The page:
At the most basic level, those who are attempting to destigmatize mental illness have a simple goal: Make it easier to talk about these issues openly, to stop forcing people who are struggling with mental-health issues, or who have loved ones who are, to feel like they have to suffer in the shadows. This can be a truly lifesaving endeavor — all else being equal, people who feel they can speak openly about their mental-health problems have better outcomes.
But destigmatization can sometimes be a bit more complicated than it might seem, and sometimes there are unintended consequences to goodhearted efforts at making the world a more just and kinder place. That’s the main argument of a really thoughtful and powerful post on the blog Troubles, which is written by “Purplepersuasion,” a woman in her 40s with bipolar disorder.
Her post is in part a response to this tweet from Kensington Palace, which is in turn about Prince Harry’s recent frank, open talk about his mental-health issues:
Purplepersuasion sees this as part of a broader, ongoing shift in the mental-health conversation that she’s skeptical of:
I keep hearing this lately – especially I think from psychologists, and especially I think from the academic variety. The idea that “we all struggle”. We all have “troubles”. We all have “difficulties” and we all experience “distress”. Let’s not use diagnostic language, because that increases stigma. Let’s not use words like “condition” or “disorder” or “illness” because that creates a them and us, the unlabelled and the labelled, again fuelling stigma. Let’s focus on the commonalities between us all. Where’s the harm in that?
I can’t believe that I have to point out the harm, but clearly I do.
Purplepersuasion then cycles back to mental-health issues:
Yes, “we all have struggles/troubles/demons/distress” but just like with skin, some struggles are more overwhelming. A good number of mental health difficulties are transient, and many are mild. Some, such as bereavement, are part of the normal course of life – the pain is very real, but it is not necessarily pathological. Some people end up having time off work because their stress levels have built up to the point where they cannot carry on effectively, but often the situation can be resolved by changes in the workplace. Some people get very anxious about things they know don’t merit it but they are able to push on through and live their lives. || Yet some people don’t have custody of their children due to their mental health problems. Some lose close personal relationships or are never able to form them. Some people bankrupt themselves when unwell. Some people are never able to work. Some are detained against their will. Some people have permanent physical effects from self injury, malnutrition, suicide attempts. Some people live in terror because of unfounded fears that people are trying to catch and kill them. Some people are mentally or actively working on ways to kill themselves. Many people do die.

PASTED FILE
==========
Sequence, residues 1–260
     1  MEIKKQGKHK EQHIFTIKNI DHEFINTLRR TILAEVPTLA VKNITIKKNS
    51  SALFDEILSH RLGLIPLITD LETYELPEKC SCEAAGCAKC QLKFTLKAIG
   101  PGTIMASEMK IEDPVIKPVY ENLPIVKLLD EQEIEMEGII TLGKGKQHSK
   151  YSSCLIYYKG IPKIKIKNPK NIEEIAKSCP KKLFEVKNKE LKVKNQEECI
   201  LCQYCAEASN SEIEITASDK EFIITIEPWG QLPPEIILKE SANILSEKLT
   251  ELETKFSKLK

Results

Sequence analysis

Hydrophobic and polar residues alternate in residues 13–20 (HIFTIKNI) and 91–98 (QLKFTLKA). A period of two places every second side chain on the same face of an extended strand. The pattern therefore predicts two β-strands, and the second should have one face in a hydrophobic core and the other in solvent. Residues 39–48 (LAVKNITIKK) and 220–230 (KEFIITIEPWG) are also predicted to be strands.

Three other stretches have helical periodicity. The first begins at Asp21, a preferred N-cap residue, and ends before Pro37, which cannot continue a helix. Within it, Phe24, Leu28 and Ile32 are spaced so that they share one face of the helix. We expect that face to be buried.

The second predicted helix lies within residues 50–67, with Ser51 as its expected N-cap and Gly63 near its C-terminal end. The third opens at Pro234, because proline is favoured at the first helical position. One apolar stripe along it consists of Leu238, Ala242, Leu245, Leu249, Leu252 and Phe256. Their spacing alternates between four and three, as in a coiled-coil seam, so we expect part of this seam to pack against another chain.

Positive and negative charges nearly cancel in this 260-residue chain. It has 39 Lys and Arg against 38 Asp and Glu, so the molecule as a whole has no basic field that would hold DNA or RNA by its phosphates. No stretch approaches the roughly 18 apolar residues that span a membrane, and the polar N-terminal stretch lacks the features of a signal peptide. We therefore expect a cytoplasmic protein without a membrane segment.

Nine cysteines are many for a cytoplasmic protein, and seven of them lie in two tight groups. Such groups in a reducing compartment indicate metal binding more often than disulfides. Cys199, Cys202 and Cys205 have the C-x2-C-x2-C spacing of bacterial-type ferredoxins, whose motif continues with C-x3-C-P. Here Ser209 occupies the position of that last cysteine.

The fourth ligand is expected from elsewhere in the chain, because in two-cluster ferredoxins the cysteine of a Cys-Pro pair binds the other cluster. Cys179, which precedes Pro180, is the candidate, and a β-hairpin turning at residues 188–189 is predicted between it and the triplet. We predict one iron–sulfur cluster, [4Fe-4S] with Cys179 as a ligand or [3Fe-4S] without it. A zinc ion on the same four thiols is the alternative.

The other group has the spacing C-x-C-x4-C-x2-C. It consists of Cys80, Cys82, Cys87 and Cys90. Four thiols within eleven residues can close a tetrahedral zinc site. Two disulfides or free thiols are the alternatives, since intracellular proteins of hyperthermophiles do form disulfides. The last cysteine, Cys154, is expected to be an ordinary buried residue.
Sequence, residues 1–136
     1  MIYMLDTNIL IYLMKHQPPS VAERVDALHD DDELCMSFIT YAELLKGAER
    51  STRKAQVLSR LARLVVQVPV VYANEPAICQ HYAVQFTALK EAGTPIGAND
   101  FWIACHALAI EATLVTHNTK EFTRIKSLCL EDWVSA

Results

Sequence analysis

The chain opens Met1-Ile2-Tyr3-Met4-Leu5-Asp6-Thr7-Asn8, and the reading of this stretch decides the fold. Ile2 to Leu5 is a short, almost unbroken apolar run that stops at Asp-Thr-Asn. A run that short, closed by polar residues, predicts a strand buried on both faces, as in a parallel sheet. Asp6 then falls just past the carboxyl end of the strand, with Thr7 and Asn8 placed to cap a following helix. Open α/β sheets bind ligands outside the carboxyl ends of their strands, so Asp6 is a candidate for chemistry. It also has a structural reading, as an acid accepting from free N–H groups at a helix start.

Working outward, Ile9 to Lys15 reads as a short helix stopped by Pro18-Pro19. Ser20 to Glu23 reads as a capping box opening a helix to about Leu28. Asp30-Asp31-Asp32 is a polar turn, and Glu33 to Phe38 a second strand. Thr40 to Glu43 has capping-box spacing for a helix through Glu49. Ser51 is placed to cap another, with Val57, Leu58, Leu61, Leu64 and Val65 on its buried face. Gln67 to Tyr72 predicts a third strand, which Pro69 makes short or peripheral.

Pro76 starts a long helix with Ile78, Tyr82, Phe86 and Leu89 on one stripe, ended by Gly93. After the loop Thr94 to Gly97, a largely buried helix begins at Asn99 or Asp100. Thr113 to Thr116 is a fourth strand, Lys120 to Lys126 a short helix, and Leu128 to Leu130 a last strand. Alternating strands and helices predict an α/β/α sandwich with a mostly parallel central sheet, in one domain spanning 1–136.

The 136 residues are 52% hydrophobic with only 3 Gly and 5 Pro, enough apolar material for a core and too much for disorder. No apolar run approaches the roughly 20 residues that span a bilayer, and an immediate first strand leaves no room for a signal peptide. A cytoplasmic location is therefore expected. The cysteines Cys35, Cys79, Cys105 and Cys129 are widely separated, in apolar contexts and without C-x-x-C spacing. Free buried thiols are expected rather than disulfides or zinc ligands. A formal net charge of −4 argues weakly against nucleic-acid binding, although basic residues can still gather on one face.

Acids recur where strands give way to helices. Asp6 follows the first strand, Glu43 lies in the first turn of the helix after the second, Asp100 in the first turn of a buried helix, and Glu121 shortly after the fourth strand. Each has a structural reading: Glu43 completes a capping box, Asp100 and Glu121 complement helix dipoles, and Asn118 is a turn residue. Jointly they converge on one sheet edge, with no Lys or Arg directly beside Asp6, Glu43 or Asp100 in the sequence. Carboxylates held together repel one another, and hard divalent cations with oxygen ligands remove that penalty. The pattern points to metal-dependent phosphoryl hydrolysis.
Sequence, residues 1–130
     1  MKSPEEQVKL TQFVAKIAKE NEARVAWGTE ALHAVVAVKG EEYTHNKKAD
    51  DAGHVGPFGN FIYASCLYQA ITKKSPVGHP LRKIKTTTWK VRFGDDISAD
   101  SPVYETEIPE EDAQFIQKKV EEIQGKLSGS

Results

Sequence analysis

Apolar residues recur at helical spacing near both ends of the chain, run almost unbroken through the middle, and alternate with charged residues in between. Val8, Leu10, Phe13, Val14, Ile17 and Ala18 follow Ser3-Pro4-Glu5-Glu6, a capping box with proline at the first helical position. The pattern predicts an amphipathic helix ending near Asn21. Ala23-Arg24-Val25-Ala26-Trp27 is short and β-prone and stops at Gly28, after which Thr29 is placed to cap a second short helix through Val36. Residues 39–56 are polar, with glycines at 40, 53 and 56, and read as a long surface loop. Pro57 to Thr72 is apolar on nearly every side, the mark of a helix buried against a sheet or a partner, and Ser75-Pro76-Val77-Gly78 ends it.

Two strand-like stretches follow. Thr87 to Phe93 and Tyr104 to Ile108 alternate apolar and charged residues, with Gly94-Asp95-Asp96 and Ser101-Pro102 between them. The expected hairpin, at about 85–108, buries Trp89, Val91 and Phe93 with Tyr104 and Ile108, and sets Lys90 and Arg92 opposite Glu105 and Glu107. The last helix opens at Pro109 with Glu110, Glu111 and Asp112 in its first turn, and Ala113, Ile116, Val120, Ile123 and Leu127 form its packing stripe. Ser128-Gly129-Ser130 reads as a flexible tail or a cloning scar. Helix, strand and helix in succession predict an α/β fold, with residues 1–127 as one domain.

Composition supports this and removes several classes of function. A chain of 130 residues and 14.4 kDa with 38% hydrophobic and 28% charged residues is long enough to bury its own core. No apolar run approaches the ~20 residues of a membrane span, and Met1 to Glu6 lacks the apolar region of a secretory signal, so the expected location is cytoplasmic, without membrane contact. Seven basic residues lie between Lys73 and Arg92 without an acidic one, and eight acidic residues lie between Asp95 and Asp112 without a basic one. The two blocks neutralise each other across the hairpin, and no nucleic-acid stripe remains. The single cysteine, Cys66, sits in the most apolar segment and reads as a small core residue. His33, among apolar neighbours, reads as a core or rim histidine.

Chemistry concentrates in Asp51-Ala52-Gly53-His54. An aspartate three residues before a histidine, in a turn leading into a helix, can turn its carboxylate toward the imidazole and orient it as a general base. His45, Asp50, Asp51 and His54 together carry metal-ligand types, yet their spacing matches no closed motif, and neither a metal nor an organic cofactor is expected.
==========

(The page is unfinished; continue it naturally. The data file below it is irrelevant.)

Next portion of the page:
This rubric from the American Psychiatric Association, designed to help journalists write more sensitively about mental health, is a good example of this tendency (though I should be clear that Purplepersuasion doesn’t mention it in her post). Mixed in with common-sense suggestions — don’t call people “psychos,” of course — are ones like “avoid words like ‘suffering’ or ‘victim’ when discussing those who have mental health challenges.” This comes from a good place, but if people are suffering, or are victimized by a mental-health problem they in no way chose to experience, isn’t it really important we be able to describe these facts plainly? “Please don’t try to normalise severe suffering,” writes Purplepersuasion in her post, and that’s what it feels like this type of language might do.
There are very real critiques to be leveled at the psychological and psychiatric Establishment, of course, and their long history of treating mentally ill people as not quite human. Much of the broader destigmatization effort, occasional overreach and all, is a response to this sad history. But at the end of the day some people, Purplepersuasion among them, really are robbed of normal lives by their mental illness, really do suffer as a result, and they aren’t well-served by euphemisms or platitudes, or by the idea that we’re all just on some continuum that needs to be better understood. “Please do not tell me that the personal relationships I have lost, the overdoses I have taken, the end of two professional careers, the inability to parent my children full time, my endless cocktails of drugs with their endless parade of side effects, my hospitalisations, my community suicide watches are just a normal part of life,” she writes. In other words: None of this is normal, and it doesn’t help me, the person suffering, for you to claim it is in an attempt to feel like you’re being more sensitive and inclusive.
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